This last technique (increasing the frequency of use of the service) provides wireless service providers with additional revenue without installation of new infrastructure. Many wireless service providers are currently paying millions of dollars a year for a license fee to use the wireless frequencies. Hence, any unused frequency is a loss of revenue. It should be noted that the fixed cost for network providers (infrastructure) is extremely high. However, the variable cost of servicing one additional call from the customer is very low by comparison. Therefore, by maximizing the use of available bandwidth, the network providers will simultaneously increase their revenue.
It is, therefore, an object of the present invention to increase the utilization of available bandwidth, which will simultaneously increase revenue for wireless service providers.
The present invention is directed to telecommunications systems and methods for increasing the utilization of available bandwidth, which will simultaneously maximize revenue for wireless service providers. This can be accomplished through a flexible marketing mechanism based on system utilization, which will enable service providers to tailor the system charging rate based upon the current system utilization rate. For example, a mobile subscriber can subscribe to a flexible marketing service, which monitors the number of idle channels within a cell site that the mobile subscriber is currently located in, and sends a Short Message Service (SMS) message, or other similar message, to the mobile subscriber offering the mobile subscriber a discounted rate for calls placed within a certain time period when the number of idle channels falls below a desired system utilization ratio. Alternatively, the flexible marketing system described herein can be used by wireline service providers to maximize utilization of available bandwidth over wireline systems. For example, a wireline subscriber, who wishes to place a long-distance call to a specific subscriber, can call the flexible marketing system and instruct the flexible marketing system to call the wireline subscriber when the charging rate for that specific call falls below a certain rate during a time period defined by the wireline subscriber.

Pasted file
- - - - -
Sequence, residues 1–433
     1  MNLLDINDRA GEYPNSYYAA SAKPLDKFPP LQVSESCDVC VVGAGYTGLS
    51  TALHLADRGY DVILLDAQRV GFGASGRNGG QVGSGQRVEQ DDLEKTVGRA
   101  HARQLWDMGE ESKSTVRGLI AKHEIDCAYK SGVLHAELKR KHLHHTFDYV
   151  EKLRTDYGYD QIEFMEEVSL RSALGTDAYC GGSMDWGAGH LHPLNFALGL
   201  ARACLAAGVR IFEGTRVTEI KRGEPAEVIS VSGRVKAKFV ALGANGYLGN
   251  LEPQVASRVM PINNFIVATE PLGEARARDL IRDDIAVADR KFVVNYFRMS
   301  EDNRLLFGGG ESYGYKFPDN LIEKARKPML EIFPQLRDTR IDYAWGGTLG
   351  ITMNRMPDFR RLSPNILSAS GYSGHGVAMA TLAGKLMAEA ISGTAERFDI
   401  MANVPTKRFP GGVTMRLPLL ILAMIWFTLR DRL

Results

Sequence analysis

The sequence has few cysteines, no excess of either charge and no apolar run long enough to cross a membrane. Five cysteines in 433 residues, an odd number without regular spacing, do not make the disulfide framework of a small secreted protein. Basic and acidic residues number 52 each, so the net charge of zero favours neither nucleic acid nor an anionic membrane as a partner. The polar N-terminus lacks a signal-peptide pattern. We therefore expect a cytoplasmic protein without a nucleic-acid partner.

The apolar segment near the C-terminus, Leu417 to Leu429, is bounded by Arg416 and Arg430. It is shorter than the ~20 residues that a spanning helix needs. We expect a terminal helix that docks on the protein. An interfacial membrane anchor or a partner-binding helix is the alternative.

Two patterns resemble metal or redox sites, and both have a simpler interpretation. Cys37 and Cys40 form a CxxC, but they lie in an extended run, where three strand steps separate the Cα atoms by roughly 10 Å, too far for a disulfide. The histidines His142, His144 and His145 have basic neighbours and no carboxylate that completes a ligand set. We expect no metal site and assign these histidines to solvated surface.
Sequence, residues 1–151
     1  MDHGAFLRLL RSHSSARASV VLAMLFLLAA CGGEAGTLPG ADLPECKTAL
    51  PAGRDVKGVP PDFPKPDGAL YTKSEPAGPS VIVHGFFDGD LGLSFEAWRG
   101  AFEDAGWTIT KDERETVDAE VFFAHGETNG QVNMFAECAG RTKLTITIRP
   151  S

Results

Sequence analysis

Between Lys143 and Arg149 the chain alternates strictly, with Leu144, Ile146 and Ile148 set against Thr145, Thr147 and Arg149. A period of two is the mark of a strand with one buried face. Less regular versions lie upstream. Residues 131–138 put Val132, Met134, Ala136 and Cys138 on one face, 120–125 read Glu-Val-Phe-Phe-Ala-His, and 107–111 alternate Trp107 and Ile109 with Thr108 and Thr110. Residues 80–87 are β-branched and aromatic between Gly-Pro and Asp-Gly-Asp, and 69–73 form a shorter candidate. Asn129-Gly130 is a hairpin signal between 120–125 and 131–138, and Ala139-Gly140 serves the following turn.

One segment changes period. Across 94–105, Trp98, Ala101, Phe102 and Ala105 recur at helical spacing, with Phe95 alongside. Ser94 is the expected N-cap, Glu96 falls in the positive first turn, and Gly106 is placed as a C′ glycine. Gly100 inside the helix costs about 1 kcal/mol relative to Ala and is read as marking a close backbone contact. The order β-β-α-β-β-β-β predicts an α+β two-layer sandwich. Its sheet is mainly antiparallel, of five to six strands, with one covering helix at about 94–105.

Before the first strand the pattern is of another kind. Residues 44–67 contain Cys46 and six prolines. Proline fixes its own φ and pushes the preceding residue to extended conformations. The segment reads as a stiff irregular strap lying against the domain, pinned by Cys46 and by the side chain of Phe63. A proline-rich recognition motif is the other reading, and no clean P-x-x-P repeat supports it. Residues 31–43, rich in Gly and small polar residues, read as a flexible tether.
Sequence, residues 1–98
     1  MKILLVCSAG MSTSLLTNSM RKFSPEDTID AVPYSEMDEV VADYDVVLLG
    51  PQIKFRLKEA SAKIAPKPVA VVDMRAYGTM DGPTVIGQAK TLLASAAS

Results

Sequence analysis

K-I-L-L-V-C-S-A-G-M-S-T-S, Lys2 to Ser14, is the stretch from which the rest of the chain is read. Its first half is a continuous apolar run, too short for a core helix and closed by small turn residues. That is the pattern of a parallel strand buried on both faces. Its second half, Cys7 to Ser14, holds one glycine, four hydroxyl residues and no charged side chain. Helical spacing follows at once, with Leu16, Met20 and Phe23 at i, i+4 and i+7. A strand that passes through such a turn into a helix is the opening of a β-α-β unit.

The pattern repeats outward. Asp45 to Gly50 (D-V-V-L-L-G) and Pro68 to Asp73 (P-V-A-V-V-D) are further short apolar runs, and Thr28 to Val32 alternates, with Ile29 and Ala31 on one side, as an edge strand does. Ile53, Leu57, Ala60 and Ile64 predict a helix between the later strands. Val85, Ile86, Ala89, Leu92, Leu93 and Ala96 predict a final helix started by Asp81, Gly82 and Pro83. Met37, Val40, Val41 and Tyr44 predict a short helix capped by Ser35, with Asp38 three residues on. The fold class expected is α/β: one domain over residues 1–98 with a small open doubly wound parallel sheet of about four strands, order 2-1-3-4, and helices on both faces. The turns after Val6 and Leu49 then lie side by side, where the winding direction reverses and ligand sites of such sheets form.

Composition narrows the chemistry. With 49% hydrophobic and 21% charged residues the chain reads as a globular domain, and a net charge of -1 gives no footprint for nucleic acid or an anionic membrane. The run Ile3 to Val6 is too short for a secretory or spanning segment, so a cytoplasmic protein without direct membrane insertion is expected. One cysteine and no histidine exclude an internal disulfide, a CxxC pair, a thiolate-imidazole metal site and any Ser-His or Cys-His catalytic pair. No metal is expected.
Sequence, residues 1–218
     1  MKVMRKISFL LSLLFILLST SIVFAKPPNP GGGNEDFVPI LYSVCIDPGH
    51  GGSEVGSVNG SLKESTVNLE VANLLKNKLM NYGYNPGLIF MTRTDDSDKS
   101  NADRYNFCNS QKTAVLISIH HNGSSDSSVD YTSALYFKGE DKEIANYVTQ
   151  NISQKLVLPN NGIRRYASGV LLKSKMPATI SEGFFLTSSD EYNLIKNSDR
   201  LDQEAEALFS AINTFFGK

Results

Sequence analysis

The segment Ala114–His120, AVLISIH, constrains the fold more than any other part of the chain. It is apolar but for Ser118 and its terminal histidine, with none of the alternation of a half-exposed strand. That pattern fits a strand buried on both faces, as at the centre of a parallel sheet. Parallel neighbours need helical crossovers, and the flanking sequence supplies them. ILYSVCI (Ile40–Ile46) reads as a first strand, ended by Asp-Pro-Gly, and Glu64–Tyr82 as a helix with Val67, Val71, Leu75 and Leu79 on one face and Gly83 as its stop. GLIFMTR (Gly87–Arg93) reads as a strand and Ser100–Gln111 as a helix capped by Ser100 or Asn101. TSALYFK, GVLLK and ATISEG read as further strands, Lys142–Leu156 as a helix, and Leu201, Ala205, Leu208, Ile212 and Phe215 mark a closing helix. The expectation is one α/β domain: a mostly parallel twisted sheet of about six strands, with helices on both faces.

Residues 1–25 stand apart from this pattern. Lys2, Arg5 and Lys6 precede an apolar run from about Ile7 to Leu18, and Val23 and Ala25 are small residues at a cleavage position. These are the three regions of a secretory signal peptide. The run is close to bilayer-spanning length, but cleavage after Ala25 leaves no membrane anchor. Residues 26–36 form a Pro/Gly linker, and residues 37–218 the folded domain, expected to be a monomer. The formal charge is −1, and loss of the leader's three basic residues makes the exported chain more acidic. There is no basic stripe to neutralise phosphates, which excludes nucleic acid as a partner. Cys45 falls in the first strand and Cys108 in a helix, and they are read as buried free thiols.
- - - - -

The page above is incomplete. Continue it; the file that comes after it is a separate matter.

The disclosed inventions will be described with reference to the accompanying drawings, which show important sample embodiments of the invention and which are incorporated in the specification hereof by reference, wherein:
FIG. 1 is a block diagram of a conventional terrestrial wireless telecommunications system;
FIG. 2 illustrates the implementation of a dynamic flexible marketing system within a wireless network;
FIG. 3 shows steps in a sample implementation of the flexible marketing system of the present invention; and